To celebrate peer review week, we’re highlighting how important equality, diversity and inclusion (EDI) are throughout the peer review process. Over the last year we’ve been reviewing and revising our funding practices to prioritise EDI, ensuring we fund the best ideas and people regardless of background or circumstance.
At CRUK, we’re committed to funding world-leading science. Peer review is essential to our funding process. To tackle some of cancer’s toughest challenges, we need scientists to ask novel, exciting questions, using well-designed studies – and we also need the independent scientific experts from all over the world who review research proposals for us. Our peer reviewers bring a diverse range of expertise and experiences when they assess applications for scientific merit and make funding recommendations to our committees and panels.
How we use peer review to inform our funding decisions
Our funding schemes span everything from basic biology to large clinical trials and population cohort studies. With research becoming increasingly collaborative and multidisciplinary, we seek the best scientists, with an extensive range of expertise, to review your application. It’s crucial that each facet of a research proposal is rigorously evaluated, and that we ask the right people to participate in each stage of the review process.
All applications are taken through rigorous peer review, but there’s no one-size-fits-all application process, which means your application may go through written peer review, assessment by an expert review panel, or you may be invited to an interview.
Written peer reviewers address elements of your application such as experimental design and analysis of results, the proposed experimental model, and whether your study is relevant to the field. We want to maximise patient impact in all the research we support, and our reviewers will also consider how your study could benefit patients.
Final funding decisions are made by our funding committees, who review each proposal based on scientific merit and strategic fit.
How we ensure fair funding decisions
As signatories to the San Francisco Declaration on Research Assessment (DORA), we recognise the need to improve how scholarly research outputs are evaluated. We want our funding decision-making processes to be as fair as possible, so we’re developing new guidance for reviewers to minimise unconscious bias, and to ensure they fairly assess applicants based on scientific achievements, skills and experience, regardless of background.
While journal articles are important, we also value and reward other types of research outputs. That’s why we ask you to highlight your key research achievements, impact and influence. This allows you to demonstrate your broader contribution to the field, rather than being judged solely on the journals in which your research is published.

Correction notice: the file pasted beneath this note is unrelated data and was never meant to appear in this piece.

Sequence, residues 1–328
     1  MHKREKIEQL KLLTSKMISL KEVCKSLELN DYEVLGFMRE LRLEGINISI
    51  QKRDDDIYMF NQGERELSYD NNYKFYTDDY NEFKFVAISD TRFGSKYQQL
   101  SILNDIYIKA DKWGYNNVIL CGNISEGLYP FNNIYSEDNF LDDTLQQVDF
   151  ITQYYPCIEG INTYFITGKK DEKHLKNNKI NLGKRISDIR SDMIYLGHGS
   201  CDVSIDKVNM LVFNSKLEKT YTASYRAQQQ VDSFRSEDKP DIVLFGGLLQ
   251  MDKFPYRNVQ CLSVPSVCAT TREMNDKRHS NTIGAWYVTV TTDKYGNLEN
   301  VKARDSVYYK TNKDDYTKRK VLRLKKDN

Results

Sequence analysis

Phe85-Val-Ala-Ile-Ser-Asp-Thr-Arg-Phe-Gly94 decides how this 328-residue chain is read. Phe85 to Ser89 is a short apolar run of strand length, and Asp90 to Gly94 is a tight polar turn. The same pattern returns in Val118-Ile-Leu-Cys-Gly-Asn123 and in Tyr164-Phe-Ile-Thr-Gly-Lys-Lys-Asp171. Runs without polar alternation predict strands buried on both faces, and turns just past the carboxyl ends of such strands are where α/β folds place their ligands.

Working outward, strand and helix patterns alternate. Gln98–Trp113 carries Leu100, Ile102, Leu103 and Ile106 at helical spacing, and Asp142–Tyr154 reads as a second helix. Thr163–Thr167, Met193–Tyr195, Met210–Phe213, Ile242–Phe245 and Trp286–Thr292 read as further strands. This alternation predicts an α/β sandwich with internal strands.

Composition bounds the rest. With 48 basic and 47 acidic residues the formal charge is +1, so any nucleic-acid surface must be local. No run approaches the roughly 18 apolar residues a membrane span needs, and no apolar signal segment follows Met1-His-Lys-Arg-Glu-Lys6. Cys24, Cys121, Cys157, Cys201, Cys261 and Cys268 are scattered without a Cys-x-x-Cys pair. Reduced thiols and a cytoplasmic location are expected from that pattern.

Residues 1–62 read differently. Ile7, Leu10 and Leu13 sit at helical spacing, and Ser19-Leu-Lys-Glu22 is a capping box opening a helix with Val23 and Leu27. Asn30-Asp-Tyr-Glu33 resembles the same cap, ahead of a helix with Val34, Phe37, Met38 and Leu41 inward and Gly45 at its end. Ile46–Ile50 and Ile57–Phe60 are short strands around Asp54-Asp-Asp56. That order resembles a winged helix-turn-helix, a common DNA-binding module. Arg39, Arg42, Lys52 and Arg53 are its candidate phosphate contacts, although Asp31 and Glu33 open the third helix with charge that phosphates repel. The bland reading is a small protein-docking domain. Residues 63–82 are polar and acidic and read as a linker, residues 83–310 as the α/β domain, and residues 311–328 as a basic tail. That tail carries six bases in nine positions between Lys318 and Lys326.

Our reviewers are well-aware of the importance of recognising and evaluating these achievements, helping them to make better-informed and more holistic funding recommendations.
How we ensure diversity in our peer review process
In 2017, more than 1,200 scientists from all over the world provided written peer reviews for us, while a further 500 sat on our committees and panels. We want to make sure our reviewers reflect the diversity of the research community. Bringing together individuals from different backgrounds provides a broader perspective and means we benefit from their full range of expertise.
We are working hard to increase diversity and have now set diversity targets for our panel and committee membership. Over the past few years we’ve increased the proportion of women sitting on our committees and panels, and this year we will start collecting better diversity data to monitor our progress.
Our committees and panels are well-balanced in terms of members’ geographic location, and are comprised of a diverse range of knowledge, experience and disciplines, including scientists, clinicians and industry representatives. We invite our early- and mid-career CRUK Fellows to sit on panels as this brings fresh perspectives to the peer review process, and helps them to develop their peer review skills earlier in their career and contribute further to the wider scientific community. Where patient representatives add value to the review process, we make sure they have a seat at the table. We want the science we fund to be reviewed by the most qualified people, wherever they are in the world.
We have an ambitious goal of seeing 3 in 4 people surviving their cancer by 2034. Continuing to fund research in a diverse and inclusive way will help us get there. The continued support and hard work of our peer reviewers, panel and committee members is central to our ability to fund world-class research of the highest quality – and for that, we are extremely grateful.